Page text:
I didn’t like when the person I was talking to treated me like a child. It seemed to me that they ignored the fact that I was an adult. I only used the childish language in Basque with babies and with my mom. This language, used one-sidedly, discouraged me, but I kept asking questions without ever being able to shed light on the mystery. That’s what happened during my volunteer investigation for Martin’s widow. The doors closed in front of me, except for the farmers who had deserted GaztaKoop. The second I said the name of the cheese shop, the farmers got heated and chains of curses ravaged their pale lips. I wasn’t able to control the tsunami of anger. I jotted down their statements and distanced myself from them while thanking them at the same time. I wrote down the structure of what could be a scam without it being completely obvious. It was already that.

I asked for a meeting with the director of the cooperative. He answered me with a loud no on the other end of the line, adding that if I kept asking strange questions, I’d have a few things coming and that I’d end up in court. The threats of this man, who was charming, as it so happens, when he appeared in the newspapers, scared me. It didn’t seem like he felt responsible for Martin’s death. I ended up with nothing except notebook pages that I blackened out with a restless pencil despite numerous attempts to gather information. I wasn’t very proud of myself when I found myself in front of the widow with empty hands:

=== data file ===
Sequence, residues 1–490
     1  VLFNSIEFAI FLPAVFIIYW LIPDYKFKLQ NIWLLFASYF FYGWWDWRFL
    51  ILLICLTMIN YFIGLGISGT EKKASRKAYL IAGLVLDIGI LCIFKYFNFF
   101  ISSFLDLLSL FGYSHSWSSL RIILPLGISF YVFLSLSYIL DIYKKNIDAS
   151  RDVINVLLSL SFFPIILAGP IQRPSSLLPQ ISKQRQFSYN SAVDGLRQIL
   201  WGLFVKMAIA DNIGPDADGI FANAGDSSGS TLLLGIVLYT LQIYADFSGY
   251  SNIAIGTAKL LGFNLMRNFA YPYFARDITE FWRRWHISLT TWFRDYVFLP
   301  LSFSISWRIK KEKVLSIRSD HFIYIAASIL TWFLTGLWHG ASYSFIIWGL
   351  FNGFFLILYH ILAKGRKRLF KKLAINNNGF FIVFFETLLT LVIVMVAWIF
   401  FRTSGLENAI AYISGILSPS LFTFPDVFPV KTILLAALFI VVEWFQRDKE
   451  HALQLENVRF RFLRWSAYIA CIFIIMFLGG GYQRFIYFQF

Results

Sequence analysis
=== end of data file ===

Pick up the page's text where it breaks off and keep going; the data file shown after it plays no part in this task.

“I led an investigation, but nothing certain came out of it. Even if I have suspicions, that’s all I have. No one wanted to accept being responsible for Martin’s suicide, which is understandable…”

“I knew you wouldn’t succeed… You have no nerve. You didn’t look where you had to. If only you were more daring…”

“I would’ve ended up in court… One of those powerful people would have accused me of having defamed their reputation and I can’t end up in prison right now!”

“I feel like crying, she tells me softly, when I see that even Martin’s farmer friends didn’t even want to talk to you…”